Five takeaways from Indiana’s loss to Ohio State

  • 03/15/2019 10:55 am in

CHICAGO – Indiana lost its Big Ten tournament opener for the second straight season as the Hoosiers fell 79-75 to Ohio State at the United Center. The loss, which may have ended IU’s NCAA tournament chances, dropped the Hoosiers to 17-15.

Here’s a look at five takeaways from the loss to the Buckeyes:

· Indiana’s historically bad performance in the Big Ten tournament continues: Perhaps yesterday’s performance should have been easy to see coming.

Indiana’s woes in the Big Ten tournament, which began in 1998, are well documented. The program entered this year’s event with a 12-21 record and departed Chicago with another quick exit.

Only two Big Ten programs have a worse winning percentage in the event than IU: Northwestern, a perennial league doormat until the last few seasons and Maryland, which joined the conference beginning with the 2014-15 season.

So far, Indiana isn’t off to a good start in the event under Archie Miller. Last year, the Hoosiers lost to Rutgers at Madison Square Garden and on Thursday, IU lost to Ohio State with its postseason hopes hanging in the balance.

· A poor start set the tone for what was to come: As the assembled media moved through the locker room talking to different players in the aftermath of Thursday’s loss, the faces of the IU players were long and many of the answers were short.

The question came up often and no one had a great answer: With so much at stake, how could IU come out lacking energy on this stage?

Slow starts were a common theme for a good portion of the season and it was a habit that IU never successfully kicked. And despite reeling off four straight wins and exuding confidence entering Thursday’s contest, there it was again.

From the opening tip, Ohio State was the more aggressive and physical team. As Indiana settled for jump shots, Ohio State got into the lane and into the midrange for better looks. The Buckeyes got most of the 50-50 balls early, setting the stage for OSU to build a big lead in the second half. By the time Indiana finally got itself going in the second half, it was too little, too late.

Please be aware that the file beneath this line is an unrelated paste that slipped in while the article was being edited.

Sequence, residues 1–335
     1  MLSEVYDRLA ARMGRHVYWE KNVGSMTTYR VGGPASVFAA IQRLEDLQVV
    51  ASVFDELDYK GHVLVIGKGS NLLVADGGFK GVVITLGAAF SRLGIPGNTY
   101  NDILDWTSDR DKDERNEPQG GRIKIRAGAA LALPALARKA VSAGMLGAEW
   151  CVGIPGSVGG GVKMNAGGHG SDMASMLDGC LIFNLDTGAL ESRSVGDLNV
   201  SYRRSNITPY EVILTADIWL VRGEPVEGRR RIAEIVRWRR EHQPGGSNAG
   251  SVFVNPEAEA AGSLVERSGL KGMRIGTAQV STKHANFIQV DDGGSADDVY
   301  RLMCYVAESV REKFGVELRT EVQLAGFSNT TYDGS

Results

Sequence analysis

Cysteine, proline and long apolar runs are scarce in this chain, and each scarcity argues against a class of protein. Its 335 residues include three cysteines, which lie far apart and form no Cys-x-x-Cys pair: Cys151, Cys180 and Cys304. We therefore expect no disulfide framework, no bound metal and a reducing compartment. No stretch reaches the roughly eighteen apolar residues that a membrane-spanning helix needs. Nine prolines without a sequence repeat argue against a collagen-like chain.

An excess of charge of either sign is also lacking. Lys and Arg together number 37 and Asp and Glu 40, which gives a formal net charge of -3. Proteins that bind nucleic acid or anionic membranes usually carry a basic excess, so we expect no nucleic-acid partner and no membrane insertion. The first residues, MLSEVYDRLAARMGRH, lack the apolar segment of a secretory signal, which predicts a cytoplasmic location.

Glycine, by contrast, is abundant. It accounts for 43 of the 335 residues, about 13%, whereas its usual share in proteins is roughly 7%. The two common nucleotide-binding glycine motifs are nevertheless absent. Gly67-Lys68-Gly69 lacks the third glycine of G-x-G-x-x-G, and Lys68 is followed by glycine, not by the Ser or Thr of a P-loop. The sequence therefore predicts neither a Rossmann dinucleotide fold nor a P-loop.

· Green’s career day keeps IU close: Devonte Green has long been criticized for his inconsistencies and penchant to make the simple play difficult, but the New York native deserves major credit for his performance on Thursday.

On an afternoon where IU’s most reliable scorers failed to step forward, Green played without any fear. And had he not splashed in eight 3-pointers, it’s likely that the Hoosiers would have lost by a much bigger margin.

Green easily surpassed his career-high as he finished with 26 points and got the Hoosiers within a possession in the game’s final minutes. The 6-foot-3 guard had a simple explanation for what he believes Indiana needs to do in the future to avoid having letdowns in key situations.

“I think we’ve just got to stay together at all times, tough times,” Green said. “And play hard at all times.”

· Turnovers rear their ugly head: We mentioned Ohio State’s ability to force turnovers as a concern for Indiana entering the game in our preview.

After five straight games of posting a turnover percentage under 17, Indiana turned it over 17 times for a turnover percentage of 22.3. Those mishaps led to 24 points for Ohio State. Indiana scored just six points off of Ohio State’s 16 turnovers. No statistic was more glaring in the boxscore.

“Our turnovers in the first half really broke us down in terms of giving them 17 points off turnovers,” Archie Miller said. “We had 10 in the first half. And that was kind of a little bit of a deal-breaker for us at halftime.”

· Holtmann keeps same defensive strategy in rematch: Another storyline entering the game was potential adjustments for Ohio State in terms of how they chose to defend Justin Smith.

Smith struggled in the first matchup in Bloomington between the two teams as Chris Holtmann chose to defend him with Kaleb Wesson, who didn’t really leave the paint at all.

And even after a recent hot streak from Smith that included 24 points against Michigan State and 15 against Illinois, Ohio State kept Wesson on him.

It was a strategy that worked out well for Ohio State as Smith went scoreless in 15 minutes.

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